The disturbing case of Gabrielle Giffords

Gabrielle Giffords

Gabrielle Giffords (D-Ariz.)

I’m already fed up with the partisan discussions of the attempted assassination of Congresswoman Gabrielle Giffords (D-Ariz.) in Tucson Jan. 8. Here is a timeline of events leading up to that senseless tragedy that has left six people dead and 14 wounded. Take off whatever blinders you wear and consider these things. There are lessons to be learned here, and it’s nothing like “The Right is crazy,” or “The Left is more violent,” or any other B.S. like that.

August 25, 2007 – Jared Lee Loughner meets Giffords at a “Congress on your Corner” event at the Foothills Mall in Tucson. An acquaintance of Loughner claims he asked Giffords a question and found her to be “stupid and unintelligent.” Another friend recounts a story of Loughner attending a Giffords event around that time and, when the floor was opened up to questions, his asking her, “What is government if words have no meaning?” Another friend recalls Giffords paused a moment, said something in Spanish, then went on with the meeting. The encounter led Loughner to call her a “fake.” This is likely when his grudge against Giffords started.

August 20, 2009 – A story on The Huffington Post notes that an attendee at a Giffords town hall event, held during the heat of the health care reform debate, dropped a gun. Giffords’ staff calls Tucson police in fear for her safety.

March 21, 2010 – The front door to Giffords’ Tucson district office is shattered after she casts a “yes’ vote on the Patient Protection and Affordable Care Act.

March 23, 2010 – Sarah Palin tweets:

Commonsense Conservatives & lovers of America: “Don’t Retreat, Instead – RELOAD!” Pls see my Facebook page.

Her Facebook page announced the “Take Back the 20 Campaign,” and included a map of the United States, those 20 districts marked by crosshairs. Giffords’ district is one of the 20. Rebecca Mansour said in an interview recently that those marks were never intended to be gun sights, and could’ve been seen as “surveyor’s symbols.” But Palin herself tweeted after the 2010 Midterm Elections and referred to the “‘bullsyeye’ icon used 2 target the 20 Obamacare-lovin’ incumbent seats…”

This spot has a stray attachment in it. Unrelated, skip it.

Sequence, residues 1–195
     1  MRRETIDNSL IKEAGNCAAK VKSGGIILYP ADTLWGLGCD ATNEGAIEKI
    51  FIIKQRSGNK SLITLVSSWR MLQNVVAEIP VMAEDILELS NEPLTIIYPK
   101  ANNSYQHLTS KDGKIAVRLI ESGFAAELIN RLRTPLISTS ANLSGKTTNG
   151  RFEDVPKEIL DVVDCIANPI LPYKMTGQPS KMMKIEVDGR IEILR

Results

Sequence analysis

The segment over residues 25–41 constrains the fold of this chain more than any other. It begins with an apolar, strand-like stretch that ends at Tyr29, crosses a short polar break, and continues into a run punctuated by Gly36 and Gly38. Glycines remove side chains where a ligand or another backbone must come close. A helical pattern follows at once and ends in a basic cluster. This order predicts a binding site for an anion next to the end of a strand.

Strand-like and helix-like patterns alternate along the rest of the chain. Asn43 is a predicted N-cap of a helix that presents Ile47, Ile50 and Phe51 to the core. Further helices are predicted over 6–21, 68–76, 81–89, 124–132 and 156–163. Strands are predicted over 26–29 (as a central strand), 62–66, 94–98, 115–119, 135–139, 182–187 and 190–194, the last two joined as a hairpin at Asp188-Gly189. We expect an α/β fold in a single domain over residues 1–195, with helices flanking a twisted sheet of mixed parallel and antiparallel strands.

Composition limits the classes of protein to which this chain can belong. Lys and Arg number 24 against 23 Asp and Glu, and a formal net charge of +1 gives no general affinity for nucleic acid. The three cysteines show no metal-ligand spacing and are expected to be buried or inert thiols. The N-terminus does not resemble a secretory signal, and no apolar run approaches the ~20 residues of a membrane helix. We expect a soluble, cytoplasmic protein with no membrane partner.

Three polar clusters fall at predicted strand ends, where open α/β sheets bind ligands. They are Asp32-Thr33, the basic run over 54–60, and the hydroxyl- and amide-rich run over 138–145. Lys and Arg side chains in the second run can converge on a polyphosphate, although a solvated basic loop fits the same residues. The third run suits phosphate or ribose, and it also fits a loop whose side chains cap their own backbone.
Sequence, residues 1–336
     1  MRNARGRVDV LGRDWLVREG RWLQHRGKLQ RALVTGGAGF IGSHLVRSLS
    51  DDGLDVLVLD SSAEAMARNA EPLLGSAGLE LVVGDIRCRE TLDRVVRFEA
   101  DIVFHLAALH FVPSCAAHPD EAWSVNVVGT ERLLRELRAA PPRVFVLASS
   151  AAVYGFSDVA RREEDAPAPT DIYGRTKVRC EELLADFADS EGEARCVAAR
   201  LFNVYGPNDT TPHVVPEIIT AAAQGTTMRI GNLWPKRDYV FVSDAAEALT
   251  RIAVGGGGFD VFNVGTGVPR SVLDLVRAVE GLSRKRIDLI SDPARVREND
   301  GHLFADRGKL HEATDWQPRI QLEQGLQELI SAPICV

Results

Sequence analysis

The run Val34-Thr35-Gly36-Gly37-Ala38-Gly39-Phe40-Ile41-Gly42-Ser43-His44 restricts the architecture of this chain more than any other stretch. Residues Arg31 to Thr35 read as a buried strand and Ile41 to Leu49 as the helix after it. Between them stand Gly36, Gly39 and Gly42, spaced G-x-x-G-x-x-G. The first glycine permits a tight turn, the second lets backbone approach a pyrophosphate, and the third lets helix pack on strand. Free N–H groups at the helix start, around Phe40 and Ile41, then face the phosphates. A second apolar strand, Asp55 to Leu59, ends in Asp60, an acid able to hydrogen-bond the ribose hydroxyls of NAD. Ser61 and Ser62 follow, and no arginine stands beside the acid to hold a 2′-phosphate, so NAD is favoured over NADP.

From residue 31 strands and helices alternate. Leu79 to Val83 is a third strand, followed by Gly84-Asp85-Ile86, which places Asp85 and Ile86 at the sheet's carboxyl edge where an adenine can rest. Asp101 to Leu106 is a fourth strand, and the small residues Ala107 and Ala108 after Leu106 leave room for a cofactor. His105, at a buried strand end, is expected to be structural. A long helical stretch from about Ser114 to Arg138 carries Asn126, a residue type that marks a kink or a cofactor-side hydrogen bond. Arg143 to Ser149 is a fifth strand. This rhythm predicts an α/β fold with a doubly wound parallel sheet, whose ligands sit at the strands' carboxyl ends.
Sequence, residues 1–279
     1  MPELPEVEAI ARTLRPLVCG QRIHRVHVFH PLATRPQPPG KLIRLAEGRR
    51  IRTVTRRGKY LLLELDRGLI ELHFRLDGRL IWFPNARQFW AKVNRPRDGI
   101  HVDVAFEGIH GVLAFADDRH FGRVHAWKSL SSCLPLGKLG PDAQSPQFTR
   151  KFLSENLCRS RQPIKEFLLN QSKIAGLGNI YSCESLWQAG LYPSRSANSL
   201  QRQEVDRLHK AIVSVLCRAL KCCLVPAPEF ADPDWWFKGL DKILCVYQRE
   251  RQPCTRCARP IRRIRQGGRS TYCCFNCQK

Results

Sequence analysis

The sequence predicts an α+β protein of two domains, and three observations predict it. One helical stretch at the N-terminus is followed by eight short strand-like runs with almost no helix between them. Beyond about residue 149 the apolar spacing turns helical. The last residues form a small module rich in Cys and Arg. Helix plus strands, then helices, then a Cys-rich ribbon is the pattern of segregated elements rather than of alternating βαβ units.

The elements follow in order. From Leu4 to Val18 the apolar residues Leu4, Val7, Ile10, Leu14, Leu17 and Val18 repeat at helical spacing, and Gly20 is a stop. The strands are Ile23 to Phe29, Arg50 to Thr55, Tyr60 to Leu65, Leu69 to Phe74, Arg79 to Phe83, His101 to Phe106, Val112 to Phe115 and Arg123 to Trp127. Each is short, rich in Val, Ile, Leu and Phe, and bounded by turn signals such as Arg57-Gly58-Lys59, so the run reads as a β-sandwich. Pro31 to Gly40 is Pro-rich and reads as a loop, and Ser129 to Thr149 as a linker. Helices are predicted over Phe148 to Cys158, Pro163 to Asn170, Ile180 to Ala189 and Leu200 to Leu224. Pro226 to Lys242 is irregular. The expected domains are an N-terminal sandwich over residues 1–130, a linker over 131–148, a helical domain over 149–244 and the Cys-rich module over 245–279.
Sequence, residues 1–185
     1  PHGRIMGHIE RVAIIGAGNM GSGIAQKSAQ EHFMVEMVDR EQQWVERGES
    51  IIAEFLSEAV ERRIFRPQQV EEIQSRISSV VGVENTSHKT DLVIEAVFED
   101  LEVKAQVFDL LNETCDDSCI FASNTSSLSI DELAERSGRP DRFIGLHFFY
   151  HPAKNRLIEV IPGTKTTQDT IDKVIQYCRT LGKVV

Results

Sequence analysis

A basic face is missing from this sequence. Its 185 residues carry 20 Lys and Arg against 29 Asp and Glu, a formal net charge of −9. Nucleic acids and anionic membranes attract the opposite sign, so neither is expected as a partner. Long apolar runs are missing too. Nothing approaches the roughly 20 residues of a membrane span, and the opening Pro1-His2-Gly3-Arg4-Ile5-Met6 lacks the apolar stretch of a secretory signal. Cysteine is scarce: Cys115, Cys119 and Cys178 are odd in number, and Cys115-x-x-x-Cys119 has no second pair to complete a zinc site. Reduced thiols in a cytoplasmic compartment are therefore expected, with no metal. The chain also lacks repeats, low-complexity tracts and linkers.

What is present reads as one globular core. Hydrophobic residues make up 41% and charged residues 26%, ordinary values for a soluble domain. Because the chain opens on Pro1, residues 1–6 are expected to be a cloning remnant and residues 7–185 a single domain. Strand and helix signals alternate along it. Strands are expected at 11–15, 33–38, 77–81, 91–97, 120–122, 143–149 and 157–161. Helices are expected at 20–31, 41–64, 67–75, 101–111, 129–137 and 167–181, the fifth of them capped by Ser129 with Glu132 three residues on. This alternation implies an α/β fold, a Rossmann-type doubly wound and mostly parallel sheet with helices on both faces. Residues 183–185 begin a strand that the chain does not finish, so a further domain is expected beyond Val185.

March 25, 2010 – Gifford appears on MSNBC to discuss the vandalism. During the interview she said:

“…We’re on Sarah Palin’s ‘targeted’ list. But the thing is, the way she has it depicted, has the crosshairs of a gun sight over our district. When people do that, they’ve got to realize there’s consequences to that action.”

June 6, 2010 – An event is held for Giffords’ opponent, Jesse Kelly. The event is advertised as such:

Help remove Gabrielle Giffords from office...

Nov. 3 2010 – Giffords narrowly defeats Kelly to win reelection in Arizona’s 8th District, 138,280 to 134, 124.

Jan. 7, 2010 – Giffords e-mails Kentucky Secretary of State Trey Grayson, saying, in part:

“…I would love to talk about what we can do to promote centrism and moderation. I am one of only 12 Dems left in a GOP district (the only woman) and think that we need to figure out how to tone our rhetoric and partisanship down.”

Jan. 8, 2010 – Loughner shoots 20 people, including Giffords, killing 6 at a “Congress on your Corner” event in Tucson.

This timeline isn’t designed to attach this shooting to Palin, or imply that there’s blood on her hands in any way. I personally think Loughner was a very deeply disturbed person – some would say crazy – and his actions probably had little or nothing to do with politics.

But that doesn’t change the fact that it’s time to rethink our rhetoric. I vowed months ago to be more careful about the words I use when I talk about politicians. It is too easy to use words and imagery that rob these public servants of their humanity and reduce them to mere characitures, mustache-twirling villains pent on destroying everything we love.

Crazy people will do crazy things – “What’s the frequency, Kenneth?” for example – and there’s not much we can do about that. But there’s no reason to allow the threats of violence, the suggestions of “2nd Amendment remedies,” or any other pseudo-violent word choices to become an accepted way of speaking about our public figures. It only opens the door to violent acts. No one should be murdered or fear for their life because of their political points of view or the votes they cast.

One more thought on this, maybe the most important lesson to be learned here: If you know someone who seems disturbed – a scrambled, nonsensical thinker as one former teacher described Loughner – love that person and encourage them to get help. Don’t just write them off as weird or strange and leave it that. You don’t know what kind of tragedy you might be preventing.

–QCFM

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